To our development partners – bilateral and multilateral let me say this. Solomon Islands will not be where it is now without your commitment and your help. As we move forward, I invite you all to be partners in the solutions proposed in the DCGA policy platform that we hope to launch later this month.

I want to say thank you for your  assistance over  the  years.  I  also ask  you to be genuine in your partnership with us going forward, assisting  and helping us achieve our development aspirations  as  articulated  by our people.

I invite you all to work with us over the coming months to explore and agree a modus operandi that provides win-win outcomes for you and Solomon Islands and a partnership that is underpinned by the principle of ‘sustainable and durable partnership’ that will accommodate our development aspirations within the next four years.

Fellow citizens, the sustainable development of our country needs more than just a focus on Infrastructure . Our people must have access to finance so that they can engage in money generating activities. In this regard I am pleased to say that DCGA is on track with the re- establishment and operationalisation of the Development Bank of Solomon Islands which will open its doors for business soon.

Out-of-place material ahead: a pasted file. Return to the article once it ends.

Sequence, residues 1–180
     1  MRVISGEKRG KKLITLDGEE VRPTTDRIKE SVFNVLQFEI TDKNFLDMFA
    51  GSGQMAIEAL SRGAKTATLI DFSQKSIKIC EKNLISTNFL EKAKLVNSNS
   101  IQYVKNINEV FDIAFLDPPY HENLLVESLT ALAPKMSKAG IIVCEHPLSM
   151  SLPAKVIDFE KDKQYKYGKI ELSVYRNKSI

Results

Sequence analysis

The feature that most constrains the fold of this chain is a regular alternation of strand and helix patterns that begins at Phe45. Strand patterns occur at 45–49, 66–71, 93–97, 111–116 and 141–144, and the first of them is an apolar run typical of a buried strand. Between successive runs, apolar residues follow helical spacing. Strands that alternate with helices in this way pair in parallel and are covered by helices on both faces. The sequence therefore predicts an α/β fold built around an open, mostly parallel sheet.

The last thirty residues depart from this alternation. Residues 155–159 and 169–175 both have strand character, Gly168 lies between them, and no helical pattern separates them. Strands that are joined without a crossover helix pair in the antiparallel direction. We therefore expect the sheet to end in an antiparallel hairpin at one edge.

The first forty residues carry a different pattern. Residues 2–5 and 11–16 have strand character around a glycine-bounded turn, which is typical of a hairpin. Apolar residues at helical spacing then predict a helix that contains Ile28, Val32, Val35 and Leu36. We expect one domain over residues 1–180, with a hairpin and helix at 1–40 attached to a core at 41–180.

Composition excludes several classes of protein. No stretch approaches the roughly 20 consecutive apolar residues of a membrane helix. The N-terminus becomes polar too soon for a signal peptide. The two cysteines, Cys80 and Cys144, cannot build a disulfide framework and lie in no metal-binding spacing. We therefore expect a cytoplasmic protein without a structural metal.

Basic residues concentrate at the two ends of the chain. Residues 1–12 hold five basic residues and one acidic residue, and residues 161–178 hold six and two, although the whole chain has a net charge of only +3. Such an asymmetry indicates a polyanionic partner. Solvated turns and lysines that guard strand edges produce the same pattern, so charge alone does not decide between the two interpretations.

We are about to appoint the interim Board. Establishment of DBSI will enable our people in the rural areas to have access to loans at low interest rates. We will also invest in a support structure to support our local entrepreneurs have access to financial loans from DBSI as well as supporting successful applicants in managing and reporting on their loans.

We will invest in financial literacy and management skills through partnership with relevant institutions to assist entrepreneurs master skills needed to run and manage a business effectively. DCGA will make sure that our local entrepreneurs are provided with the necessary training and support.

Fellow citizens let me now dwell a little on the progress in our fight against corruption. I am happy to inform the nation that the DCGA is in the process of appointing Commissioners to the Solomon Islands Independent Commission Against Corruption. We have appointed the Nominations Committee as required by the Act.